Because today’s technology is advancing so quickly, it’s sometimes hard to focus and absorb the latest thing — because the moment you do that, there’s something even more innovative and impressive coming around the corner.
That’s one of the guiding philosophies of Geekend, the Savannah–based interactive conference bringing tech and creative visionaries together in one place – according to the Geekend manifesto, it’s a think tank for “the brightest geeks, designers, developers, artists, and social media mavericks.”
The fourth annual Geekend takes place Nov. 8–10 at various locations around Savannah.
“Part of our mission is not just to be keeping up with technology, but staying ahead of it,” says executive director Sloane Kelley. “Making sure that we’re bringing in the thought leaders out there that are coming up with the next crazy idea that may or may not take off, but there may be some nugget of learning in there that’s going to feed the next big idea.
“And if that person happens to be in attendance at Geekend, that would be incredible. But we want to take those thinkers and hopefully inspire the people that are attending the event.”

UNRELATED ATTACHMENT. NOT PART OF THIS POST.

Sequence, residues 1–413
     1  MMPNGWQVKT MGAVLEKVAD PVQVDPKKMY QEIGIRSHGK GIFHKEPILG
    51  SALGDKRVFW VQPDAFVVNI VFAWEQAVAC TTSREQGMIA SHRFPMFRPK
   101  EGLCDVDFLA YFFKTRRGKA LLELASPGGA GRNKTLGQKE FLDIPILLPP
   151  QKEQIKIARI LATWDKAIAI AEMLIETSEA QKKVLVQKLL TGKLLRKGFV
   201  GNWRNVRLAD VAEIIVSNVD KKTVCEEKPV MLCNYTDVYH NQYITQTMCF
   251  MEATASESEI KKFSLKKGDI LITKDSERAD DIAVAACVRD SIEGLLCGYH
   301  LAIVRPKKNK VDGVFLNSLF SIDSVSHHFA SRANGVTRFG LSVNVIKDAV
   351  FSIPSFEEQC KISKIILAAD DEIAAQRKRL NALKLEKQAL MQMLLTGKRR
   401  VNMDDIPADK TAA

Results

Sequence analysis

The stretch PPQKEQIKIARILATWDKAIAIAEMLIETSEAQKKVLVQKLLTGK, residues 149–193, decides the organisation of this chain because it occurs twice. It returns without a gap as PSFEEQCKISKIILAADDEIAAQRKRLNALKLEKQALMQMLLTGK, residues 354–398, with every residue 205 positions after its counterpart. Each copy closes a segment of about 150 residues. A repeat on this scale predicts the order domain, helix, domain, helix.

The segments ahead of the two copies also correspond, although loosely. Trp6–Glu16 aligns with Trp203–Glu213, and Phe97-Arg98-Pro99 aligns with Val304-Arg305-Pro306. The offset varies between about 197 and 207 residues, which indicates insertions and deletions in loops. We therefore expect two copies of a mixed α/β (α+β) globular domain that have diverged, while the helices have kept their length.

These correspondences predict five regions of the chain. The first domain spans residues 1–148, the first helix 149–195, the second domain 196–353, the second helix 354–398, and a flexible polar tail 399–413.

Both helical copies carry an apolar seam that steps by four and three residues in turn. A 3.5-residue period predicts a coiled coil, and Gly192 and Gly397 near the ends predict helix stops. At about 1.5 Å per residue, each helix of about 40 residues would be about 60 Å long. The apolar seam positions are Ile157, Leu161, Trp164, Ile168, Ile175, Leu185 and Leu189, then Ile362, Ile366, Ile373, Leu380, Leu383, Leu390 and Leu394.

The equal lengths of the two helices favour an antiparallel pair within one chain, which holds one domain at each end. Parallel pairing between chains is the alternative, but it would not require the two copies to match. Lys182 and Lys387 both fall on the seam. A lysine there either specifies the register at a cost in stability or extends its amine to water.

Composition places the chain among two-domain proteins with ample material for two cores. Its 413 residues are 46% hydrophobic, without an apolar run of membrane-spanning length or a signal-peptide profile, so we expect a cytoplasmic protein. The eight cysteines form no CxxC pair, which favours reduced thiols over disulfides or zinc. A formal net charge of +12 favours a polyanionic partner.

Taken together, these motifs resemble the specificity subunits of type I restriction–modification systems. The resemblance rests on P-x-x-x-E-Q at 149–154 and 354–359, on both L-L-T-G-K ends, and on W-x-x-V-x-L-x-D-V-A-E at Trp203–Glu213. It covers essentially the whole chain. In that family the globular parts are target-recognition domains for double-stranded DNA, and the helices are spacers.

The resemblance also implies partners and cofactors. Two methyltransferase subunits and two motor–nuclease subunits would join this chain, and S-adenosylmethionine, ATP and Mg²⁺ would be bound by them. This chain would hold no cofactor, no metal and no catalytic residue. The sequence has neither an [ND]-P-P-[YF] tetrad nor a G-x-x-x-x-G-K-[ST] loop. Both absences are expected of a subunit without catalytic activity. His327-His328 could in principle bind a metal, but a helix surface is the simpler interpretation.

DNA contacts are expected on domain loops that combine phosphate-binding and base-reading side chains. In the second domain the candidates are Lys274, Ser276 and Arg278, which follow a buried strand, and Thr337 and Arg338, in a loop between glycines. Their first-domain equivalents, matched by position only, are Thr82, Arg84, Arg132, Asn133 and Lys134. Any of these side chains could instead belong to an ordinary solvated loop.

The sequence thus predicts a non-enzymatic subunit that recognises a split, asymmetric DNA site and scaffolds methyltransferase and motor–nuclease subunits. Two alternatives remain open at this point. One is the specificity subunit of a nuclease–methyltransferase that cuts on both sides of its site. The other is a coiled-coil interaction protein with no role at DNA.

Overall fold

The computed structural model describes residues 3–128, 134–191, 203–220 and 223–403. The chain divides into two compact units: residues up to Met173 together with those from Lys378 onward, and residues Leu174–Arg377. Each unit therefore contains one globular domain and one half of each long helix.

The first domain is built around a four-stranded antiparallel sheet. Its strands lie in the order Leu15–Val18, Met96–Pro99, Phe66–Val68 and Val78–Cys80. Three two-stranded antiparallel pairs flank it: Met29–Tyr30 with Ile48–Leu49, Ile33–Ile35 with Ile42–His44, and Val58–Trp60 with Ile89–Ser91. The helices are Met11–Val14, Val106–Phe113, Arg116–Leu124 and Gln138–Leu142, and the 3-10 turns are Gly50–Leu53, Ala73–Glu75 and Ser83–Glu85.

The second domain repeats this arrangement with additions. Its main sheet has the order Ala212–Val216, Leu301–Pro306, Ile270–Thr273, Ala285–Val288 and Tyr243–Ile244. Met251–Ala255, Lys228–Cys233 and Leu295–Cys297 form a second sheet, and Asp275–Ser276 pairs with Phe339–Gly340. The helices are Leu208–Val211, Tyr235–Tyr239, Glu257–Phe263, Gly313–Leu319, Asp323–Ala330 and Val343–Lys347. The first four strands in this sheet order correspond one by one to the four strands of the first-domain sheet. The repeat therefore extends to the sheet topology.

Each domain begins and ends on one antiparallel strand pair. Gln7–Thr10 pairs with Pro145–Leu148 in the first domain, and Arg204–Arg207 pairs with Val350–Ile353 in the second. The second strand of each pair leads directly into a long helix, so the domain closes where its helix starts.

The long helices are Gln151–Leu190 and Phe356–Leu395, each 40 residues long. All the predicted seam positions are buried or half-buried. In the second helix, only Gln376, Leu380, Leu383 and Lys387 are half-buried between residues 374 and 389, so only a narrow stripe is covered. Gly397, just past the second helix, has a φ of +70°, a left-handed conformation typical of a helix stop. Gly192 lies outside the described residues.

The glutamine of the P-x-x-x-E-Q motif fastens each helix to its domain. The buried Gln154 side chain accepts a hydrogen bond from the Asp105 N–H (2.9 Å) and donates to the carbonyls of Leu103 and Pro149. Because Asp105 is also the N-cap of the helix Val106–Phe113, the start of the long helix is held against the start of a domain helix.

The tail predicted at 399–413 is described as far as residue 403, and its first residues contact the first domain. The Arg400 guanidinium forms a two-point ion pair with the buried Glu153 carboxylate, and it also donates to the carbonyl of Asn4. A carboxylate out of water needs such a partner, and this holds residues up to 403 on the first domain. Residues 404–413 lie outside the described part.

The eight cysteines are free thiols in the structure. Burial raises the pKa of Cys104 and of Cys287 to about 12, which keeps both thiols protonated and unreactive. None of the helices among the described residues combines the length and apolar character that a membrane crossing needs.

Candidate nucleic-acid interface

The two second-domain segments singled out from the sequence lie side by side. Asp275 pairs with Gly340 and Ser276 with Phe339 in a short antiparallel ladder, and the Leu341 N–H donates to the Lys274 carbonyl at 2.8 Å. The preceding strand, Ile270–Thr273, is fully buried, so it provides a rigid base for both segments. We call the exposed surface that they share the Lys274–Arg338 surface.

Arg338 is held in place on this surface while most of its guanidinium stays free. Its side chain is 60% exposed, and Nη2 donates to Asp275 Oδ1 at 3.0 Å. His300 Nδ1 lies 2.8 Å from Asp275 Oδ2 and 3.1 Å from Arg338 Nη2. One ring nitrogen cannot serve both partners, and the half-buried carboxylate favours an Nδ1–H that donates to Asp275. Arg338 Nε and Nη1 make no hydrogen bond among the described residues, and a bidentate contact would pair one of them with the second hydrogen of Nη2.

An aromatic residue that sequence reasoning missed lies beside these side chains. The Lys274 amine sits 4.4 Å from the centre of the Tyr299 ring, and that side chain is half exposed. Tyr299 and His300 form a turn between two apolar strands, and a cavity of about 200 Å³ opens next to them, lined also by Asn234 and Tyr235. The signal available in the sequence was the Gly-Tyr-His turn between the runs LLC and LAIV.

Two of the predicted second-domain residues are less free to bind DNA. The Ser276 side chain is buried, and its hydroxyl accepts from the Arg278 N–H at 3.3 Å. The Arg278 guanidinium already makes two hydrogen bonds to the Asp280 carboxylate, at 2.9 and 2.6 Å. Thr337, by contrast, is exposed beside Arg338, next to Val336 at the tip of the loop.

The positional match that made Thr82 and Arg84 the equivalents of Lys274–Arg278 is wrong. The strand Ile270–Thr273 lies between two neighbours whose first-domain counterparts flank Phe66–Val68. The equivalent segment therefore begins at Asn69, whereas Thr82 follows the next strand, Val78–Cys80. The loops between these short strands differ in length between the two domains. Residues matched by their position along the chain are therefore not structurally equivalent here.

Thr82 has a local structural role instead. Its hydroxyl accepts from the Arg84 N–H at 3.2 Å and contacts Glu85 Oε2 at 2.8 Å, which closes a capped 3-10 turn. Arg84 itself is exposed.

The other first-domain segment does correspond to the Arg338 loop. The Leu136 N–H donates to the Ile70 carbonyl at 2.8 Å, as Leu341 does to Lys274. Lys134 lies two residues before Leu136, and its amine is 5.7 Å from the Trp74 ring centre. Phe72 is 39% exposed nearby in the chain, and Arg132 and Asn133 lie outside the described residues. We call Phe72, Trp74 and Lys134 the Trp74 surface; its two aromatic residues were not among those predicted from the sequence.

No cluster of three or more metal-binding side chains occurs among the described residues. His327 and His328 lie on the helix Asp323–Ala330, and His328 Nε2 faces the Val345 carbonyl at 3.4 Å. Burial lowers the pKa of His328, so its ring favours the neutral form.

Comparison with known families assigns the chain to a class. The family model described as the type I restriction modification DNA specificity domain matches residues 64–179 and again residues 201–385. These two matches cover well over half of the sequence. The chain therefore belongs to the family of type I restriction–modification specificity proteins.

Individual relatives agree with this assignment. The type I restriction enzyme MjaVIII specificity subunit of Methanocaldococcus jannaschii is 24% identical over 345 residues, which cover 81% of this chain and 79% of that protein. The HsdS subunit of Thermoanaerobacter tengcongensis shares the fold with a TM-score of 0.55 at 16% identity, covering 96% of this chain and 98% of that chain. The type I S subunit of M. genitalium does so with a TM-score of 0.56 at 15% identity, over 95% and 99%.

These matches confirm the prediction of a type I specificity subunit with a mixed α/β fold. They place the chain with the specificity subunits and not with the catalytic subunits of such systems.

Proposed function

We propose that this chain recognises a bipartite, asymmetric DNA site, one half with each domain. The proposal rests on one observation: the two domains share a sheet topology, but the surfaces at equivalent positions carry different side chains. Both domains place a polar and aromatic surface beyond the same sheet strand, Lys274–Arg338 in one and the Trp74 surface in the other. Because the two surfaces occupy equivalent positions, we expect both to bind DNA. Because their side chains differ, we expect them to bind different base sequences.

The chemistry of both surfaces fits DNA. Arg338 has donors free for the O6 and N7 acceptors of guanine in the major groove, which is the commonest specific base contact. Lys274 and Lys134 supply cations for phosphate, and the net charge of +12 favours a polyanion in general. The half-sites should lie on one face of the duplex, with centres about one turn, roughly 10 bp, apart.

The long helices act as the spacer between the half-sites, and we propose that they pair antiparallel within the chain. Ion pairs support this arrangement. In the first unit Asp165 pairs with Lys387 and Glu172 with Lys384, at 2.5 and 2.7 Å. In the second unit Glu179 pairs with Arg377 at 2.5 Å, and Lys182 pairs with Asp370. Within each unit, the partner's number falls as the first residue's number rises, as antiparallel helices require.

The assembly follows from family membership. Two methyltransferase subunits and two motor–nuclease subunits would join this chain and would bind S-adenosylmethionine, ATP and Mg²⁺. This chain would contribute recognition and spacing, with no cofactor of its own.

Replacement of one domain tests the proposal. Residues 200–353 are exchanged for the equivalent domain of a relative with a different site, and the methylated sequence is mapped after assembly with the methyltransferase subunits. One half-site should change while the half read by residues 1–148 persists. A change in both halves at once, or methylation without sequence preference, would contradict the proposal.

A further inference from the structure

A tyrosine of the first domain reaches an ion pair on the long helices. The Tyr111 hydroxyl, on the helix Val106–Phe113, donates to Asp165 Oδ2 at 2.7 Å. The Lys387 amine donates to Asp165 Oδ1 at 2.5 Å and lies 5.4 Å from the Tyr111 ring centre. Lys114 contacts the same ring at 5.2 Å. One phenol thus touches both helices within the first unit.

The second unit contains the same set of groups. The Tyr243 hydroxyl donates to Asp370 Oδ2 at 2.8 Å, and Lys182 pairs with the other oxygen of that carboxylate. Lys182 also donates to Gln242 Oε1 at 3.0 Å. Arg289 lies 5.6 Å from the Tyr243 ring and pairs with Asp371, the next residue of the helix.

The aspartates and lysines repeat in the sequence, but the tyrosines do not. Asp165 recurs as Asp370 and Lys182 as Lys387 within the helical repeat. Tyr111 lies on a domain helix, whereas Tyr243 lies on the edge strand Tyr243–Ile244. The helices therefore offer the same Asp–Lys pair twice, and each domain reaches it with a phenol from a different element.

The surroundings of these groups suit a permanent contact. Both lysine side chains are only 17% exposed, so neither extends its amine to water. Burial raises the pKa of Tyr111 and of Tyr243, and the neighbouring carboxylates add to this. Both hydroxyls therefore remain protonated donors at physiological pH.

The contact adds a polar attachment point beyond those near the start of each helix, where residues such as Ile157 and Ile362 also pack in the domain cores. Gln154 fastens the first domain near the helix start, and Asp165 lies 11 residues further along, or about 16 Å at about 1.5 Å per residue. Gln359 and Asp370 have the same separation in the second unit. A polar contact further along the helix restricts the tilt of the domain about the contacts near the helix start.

This year’s keynote speaker is Kickstarter co–founder and creative director Charles Adler.
He’ll speak Friday at 7 p.m., in the Coastal Georgia Center auditorium.
“I think he’s a great representation of what the spirit of the event is all about,” Kelley says. “And he’s someone that’s been on our radar for a couple of years. We’ve reached out in the past, and he was very eager to join us at previous Geekends – and the timing never quite synched up.”
Other speakers, presenters and panelists for 2012 include Neal Holman, art director and producer for Floyd County Productions (Archer, Unsupervised); Code for America Brigade program director Kevin Curry; social media specialist Lars Bredahl; CBS Outdoor Canada creative director Mimi Chan; Rails Machine president Kevin Lawver; Business Bullpen founder Tom Wickersty; numerous digital creative lights from SCAD, and plenty of others.
Like all digital innovations, Geekend started as a tiny germ of an idea, a grassroots project. In these four years, Kelley says, “we’ve learned so much. The first year, really, it was a bit of an experiment. It was an idea that we really had a lot of passion for, and belief in, but it was really an experiment to see how it would resonate with the local community. We were all really stoked to see that it did resonate in a big way. And it started catching on from there.”
As word spreads, more people attend every year. And the speakers’ list gets more impressive.
“We’ve always operated on very, very tight budgets,” offers Kelley, “and we haven’t done any traditional advertising, really, to spread the word. So I think it’s a testament to how excited people have been about Geekend that it has grown.
“But it’s also grown in reach. It’s exciting to see things spread through the digital channels.”
For all the facts, figures and gory details on the 2012 Geekend, go to geek–end.com.
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